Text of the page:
1800RESPECT Sur­vey Results

As 1800RESPECT steps up its sup­port to help front­line work­ers deal with sex­u­al and domes­tic assault, a new sur­vey reveals that Aus­tralian nurs­es would like more sup­port in respond­ing to clients who may be expe­ri­enc­ing violence.

The 1800RESPECT sur­vey of nurs­es also reveals:

  • 56 per cent sus­pect a client may be expe­ri­enc­ing sex­u­al or domes­tic violence
  • 63 per cent have had clients that have made vol­un­tary a dis­clo­sure of domes­tic vio­lence or sex­u­al assault.
  • While 88 per cent say they feel they would be able to man­age a client dis­clo­sure, almost all of them want more sup­port respond­ing to clients who are expe­ri­enc­ing sex­u­al assault or domes­tic violence

Ms Jane French from 1800RESPECT said the front­line work­ers web­site pro­vides infor­ma­tion for nurs­es and oth­er pro­fes­sion­als to recog­nise poten­tial signs of sex­u­al and domes­tic vio­lence, pro­vides guide­lines on how to respond, and gives infor­ma­tion and ideas about how best to help clients who may be at risk.

At 1800RESPECT we are sup­port­ing all nurs­es, with a focus on emer­gency depart­ment and pre-natal nurs­es in rur­al and region­al Aus­tralia, who may work with patients at risk of harm as a result of domes­tic or sex­u­al vio­lence. The web­site sup­ports nurs­es and oth­er pro­fes­sion­als in screen­ing for fam­i­ly or sex­u­al vio­lence, to devel­op safe­ty plans and to sup­port patients in access­ing spe­cialised sup­port from fam­i­ly or sex­u­al vio­lence experts.”

Ms French said Aus­tralian Bureau of Sta­tis­tics research shows more than 40 per cent of Aus­tralian women have expe­ri­enced some form of vio­lence since they were 15 years of age and that young peo­ple between the ages of 18 and 24 are the most like­ly group to have expe­ri­enced some form of vio­lence in the last year. 

These con­cern­ing sta­tis­tics high­light how impor­tant it is to pro­vide a vis­i­ble and acces­si­ble access point for peo­ple affect­ed by vio­lence. Hav­ing an acces­si­ble on line resource to turn to like 1800 RESPECT can pro­vide work­ers with the tools they need to act.”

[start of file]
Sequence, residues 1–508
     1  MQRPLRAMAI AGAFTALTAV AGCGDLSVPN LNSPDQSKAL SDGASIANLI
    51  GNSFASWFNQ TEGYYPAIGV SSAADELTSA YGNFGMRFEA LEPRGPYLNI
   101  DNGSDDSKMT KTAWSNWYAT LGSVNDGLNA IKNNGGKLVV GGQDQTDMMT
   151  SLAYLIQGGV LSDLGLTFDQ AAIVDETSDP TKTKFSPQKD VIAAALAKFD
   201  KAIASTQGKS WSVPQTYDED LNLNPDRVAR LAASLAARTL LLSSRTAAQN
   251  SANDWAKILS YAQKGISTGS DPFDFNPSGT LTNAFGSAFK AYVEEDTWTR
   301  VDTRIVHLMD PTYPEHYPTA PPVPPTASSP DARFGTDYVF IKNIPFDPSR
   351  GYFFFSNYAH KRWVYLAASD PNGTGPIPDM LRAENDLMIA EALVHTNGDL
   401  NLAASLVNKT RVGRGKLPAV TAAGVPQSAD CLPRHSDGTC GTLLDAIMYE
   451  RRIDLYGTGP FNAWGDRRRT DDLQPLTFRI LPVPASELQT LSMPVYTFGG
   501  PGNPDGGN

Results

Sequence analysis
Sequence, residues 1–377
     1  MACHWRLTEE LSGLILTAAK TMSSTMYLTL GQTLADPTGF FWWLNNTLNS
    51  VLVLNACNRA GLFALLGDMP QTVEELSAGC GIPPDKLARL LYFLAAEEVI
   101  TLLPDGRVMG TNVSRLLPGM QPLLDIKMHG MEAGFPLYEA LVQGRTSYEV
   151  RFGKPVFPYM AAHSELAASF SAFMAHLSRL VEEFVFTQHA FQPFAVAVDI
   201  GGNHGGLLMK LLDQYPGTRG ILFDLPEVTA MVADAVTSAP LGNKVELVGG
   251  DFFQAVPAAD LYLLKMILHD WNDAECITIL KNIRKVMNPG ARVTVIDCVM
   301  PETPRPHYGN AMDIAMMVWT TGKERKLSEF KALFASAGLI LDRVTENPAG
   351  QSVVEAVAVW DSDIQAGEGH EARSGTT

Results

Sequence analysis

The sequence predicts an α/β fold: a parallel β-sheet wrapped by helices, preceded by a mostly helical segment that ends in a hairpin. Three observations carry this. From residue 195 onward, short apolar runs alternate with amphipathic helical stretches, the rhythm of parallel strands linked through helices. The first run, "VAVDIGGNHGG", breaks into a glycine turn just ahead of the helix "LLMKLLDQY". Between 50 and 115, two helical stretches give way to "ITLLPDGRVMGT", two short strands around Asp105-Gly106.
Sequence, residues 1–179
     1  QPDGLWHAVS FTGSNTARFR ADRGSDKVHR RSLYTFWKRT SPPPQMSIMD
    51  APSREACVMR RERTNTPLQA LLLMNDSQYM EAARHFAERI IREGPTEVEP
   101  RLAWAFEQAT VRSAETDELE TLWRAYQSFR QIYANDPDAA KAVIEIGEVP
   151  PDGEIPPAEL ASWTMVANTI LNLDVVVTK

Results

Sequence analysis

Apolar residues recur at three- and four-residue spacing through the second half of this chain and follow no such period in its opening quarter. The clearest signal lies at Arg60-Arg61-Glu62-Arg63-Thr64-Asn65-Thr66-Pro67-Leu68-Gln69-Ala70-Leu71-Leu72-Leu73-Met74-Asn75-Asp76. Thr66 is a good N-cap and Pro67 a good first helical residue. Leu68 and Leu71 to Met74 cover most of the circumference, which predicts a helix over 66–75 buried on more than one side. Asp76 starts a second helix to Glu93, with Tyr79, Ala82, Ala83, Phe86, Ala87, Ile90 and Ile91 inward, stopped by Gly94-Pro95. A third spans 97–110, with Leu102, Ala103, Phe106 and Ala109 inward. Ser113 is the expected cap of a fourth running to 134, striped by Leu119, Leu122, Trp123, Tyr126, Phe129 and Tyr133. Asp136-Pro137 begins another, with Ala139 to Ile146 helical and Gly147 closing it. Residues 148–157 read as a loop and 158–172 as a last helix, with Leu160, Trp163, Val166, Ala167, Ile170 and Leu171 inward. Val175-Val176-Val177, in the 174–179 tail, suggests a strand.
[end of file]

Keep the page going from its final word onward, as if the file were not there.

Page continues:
Peo­ple affect­ed by vio­lence may reach out for assis­tance or help from peo­ple work­ing across a range of sec­tors so it is imper­a­tive that we equip front­line work­ers across the health and human ser­vices sec­tors with the skills to assist. I encour­age front­line work­ers to vis­it the 1800RESPECT web­site and famil­iarise your­self with the array of resources available.”

The web­site has been pre­pared by experts to help work­ers to recog­nise signs of sex­u­al or domes­tic vio­lence and respond appro­pri­ate­ly. It has ded­i­cat­ed pages for spe­cif­ic work sec­tors, mak­ing it quick and easy to find infor­ma­tion, advice, train­ing and sup­port. Work­ers can also refer clients to the web­site for infor­ma­tion, and there’s a ded­i­cat­ed sec­tion for their fam­i­ly and friends too.

1800RESPECT pro­vides free, 24-hour sup­port acces­si­ble for all Aus­tralians including:

  • How to recog­nise the signs of a per­son who is expe­ri­enc­ing domes­tic and sex­u­al violence.
  • How to open a space for a client to talk about their experiences.
  • How to respond to a disclosure.
  • How to ensure the client gets the pro­fes­sion­al help and sup­port they need to take the next steps.

While it’s okay not to have all the answers, it’s impor­tant to know where to find help and sup­port because, cru­cial­ly, respond­ing is everyone’s busi­ness,” Ms French said.

Nurs­es and oth­er front­line work­ers can access free webi­na­rs from 1800RESPECT. On Thurs­day 24th July Anne-Lau­re Senior Clin­i­cal Spe­cial­ist, Aus­tralian Cen­tre for Post trau­mat­ic Men­tal Health will present a webi­nar on Vic­ar­i­ous Trauma.

Access the 1800RESPECT web­site for infor­ma­tion and online coun­selling.

Respond­ing is every­one’s business.